Two Essays on the Interaction between Product Market and Corporate Finance


Student thesis: Doctoral Thesis

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Award date12 Jun 2020


This dissertation is composed of two essays in product market competition. One examines the impact of product market competition on corporate product development innovation. The other one focuses on the interaction among foreign competition, major government customers and firm performance.

The first essay examines the relationship between competition and product development innovation using the U.S. trademark database. I find that greater import competition spurs corporate product innovation measured by newly launched trademarks. This positive relation is found to be more pronounced for firms with lower diversification, higher industry asset specificity, and stronger financial position. Moreover, I find that the negative impact of competition on firm’s future performance is mitigated by product innovation. I further show that more frequent product line changes brought by increase in foreign competition leads to lower survival rate of new product trademarks. Firms also tend to launch new trademarks in old and familiar areas in response to intensified import competition. My main results are similar when I use common domestic competition measures. Overall, my results suggest that competitive markets can promote product innovation.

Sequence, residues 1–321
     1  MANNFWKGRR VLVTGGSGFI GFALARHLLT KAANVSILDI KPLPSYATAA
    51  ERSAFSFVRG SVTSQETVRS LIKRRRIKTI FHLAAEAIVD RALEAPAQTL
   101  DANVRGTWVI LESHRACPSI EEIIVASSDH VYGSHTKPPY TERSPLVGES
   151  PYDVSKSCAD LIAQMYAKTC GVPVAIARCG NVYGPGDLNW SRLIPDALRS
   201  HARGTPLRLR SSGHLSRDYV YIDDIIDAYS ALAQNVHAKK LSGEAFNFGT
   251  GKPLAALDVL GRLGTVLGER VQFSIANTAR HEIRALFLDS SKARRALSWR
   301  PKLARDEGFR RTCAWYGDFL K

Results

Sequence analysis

The second essay studies the relation among foreign competition, government customers and firm performance. I show that major government customers insulated government contractors’ performance from foreign competition. I further find that the beneficial effects of major government customers are more pronounced for firms with more financial constraints and less diversification. Moreover, my results indicate that government procurements help contractors outperforms their peers in competitive environments through increasing their investment and investment efficiency and reducing their demand uncertainty. Overall, my results suggest a beneficial effect of the government’s participation in product markets.